Yields have gone too low in my view , particularly in suburban strip shops and retail , maybe owner -occupiers are willing to pay a premium , who knows ?

Our advice to our clients is to be very careful about over-paying for something , and dont get chased at an auction by Asian investors with a different reason for investment

your last sentence is well worth adhering to when buying any business/property/asset. i have been privy to a couple of business sales/purchases in the last year where the vendor has sought and got a 'fortune' for them and the new owner has rather quickly found themselves 'neck deep' and struggling

If the value of the property halves you will be getting nearly %10, winner.

They're building massive luxury retail in Phnom Penh. Commercial real estate. A no brainer so they say.

https://www.khmertimeskh.com/5078830/exchange-square-redefining-retail-c...

Looks like some one in NZ has a massive amount of confidence in the retail commercial sector:

http://www.sharechat.co.nz/article/1cb6027b/kiwi-property-group-gives-gr...

Wonder what they'll put in those extra 60 shops?

That mall is pretty bland I reckon. Just every chain store you can think of. Not much new or different.

I own the premises my company works out of. I don't care what the presumed ratios or return are.
Compared with the ongoing hassle of leases and renewals, including landlords desperate to jack up their return just one more percent, my life is now very easy.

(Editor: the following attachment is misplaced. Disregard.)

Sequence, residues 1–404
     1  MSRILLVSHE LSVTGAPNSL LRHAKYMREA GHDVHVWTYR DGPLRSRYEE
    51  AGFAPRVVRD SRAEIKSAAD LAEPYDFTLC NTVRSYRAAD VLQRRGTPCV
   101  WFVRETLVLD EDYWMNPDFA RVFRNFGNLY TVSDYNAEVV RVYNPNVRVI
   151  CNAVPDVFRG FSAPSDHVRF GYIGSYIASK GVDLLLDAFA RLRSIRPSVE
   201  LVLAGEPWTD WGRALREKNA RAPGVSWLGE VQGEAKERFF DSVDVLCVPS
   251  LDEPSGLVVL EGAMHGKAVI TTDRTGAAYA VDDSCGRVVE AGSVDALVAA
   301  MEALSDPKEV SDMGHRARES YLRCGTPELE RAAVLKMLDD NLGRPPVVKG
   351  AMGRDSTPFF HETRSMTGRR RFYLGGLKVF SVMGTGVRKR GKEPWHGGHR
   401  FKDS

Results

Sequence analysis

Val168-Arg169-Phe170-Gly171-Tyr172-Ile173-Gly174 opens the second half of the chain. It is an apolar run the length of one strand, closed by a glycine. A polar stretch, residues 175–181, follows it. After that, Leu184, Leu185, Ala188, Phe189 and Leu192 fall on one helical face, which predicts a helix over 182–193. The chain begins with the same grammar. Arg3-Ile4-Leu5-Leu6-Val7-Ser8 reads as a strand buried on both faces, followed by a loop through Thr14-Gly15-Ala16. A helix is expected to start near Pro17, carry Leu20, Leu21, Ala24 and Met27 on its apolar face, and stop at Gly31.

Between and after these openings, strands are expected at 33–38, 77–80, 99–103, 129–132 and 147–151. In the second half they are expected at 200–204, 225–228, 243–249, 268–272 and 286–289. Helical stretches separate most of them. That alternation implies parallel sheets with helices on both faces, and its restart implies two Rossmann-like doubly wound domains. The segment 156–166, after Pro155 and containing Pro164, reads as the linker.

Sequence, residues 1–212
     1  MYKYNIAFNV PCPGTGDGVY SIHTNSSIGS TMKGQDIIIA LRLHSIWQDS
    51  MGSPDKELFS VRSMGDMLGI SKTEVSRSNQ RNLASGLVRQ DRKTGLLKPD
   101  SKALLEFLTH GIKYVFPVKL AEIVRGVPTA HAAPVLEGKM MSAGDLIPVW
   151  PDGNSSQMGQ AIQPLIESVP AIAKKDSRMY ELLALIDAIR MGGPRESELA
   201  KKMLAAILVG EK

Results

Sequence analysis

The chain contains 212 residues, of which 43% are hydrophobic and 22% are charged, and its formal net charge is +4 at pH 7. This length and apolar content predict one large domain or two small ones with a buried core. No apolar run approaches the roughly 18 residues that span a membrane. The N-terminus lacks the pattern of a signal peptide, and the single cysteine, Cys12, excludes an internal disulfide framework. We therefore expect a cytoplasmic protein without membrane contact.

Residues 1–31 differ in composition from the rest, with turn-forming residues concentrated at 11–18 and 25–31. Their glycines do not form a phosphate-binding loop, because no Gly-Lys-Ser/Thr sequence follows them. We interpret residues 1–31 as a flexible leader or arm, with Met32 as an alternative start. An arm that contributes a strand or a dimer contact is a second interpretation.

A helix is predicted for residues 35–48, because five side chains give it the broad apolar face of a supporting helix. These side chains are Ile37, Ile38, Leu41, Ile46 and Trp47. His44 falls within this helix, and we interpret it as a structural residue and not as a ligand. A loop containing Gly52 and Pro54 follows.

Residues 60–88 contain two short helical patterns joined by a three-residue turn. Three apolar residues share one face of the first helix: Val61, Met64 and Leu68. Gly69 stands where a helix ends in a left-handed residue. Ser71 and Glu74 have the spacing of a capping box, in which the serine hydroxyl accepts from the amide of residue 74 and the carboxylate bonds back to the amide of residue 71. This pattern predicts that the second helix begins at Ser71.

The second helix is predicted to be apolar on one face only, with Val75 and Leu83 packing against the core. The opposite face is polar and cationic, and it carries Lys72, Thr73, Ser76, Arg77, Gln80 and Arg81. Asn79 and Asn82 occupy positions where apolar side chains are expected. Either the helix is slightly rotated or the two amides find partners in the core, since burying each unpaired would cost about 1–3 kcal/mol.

Fine differences in return don't figure. For lots of us they are not the important thing.

yes - if you have a lot invested in your location of business or would find it difficult to move - owning your own building is a very attractive situation. obviously some landlords are more aggressive than others and can be difficult to have a longterm relationship with.

Very interesting comments. I shudder when I see people rushing in to buy and bland comments from "experts" saying about checking the quality of the tenants. As a small scale commercial investor / landlord I am yet to see even one commercial agent supply or for that matter even know how to do a credit check on a prospective commercial tenant. I would love to see how these experts deal with rent arrears by commercial tenants. I have done these sorts of things and know for most people evictions and debt recovery is way outside most peoples comfort zone.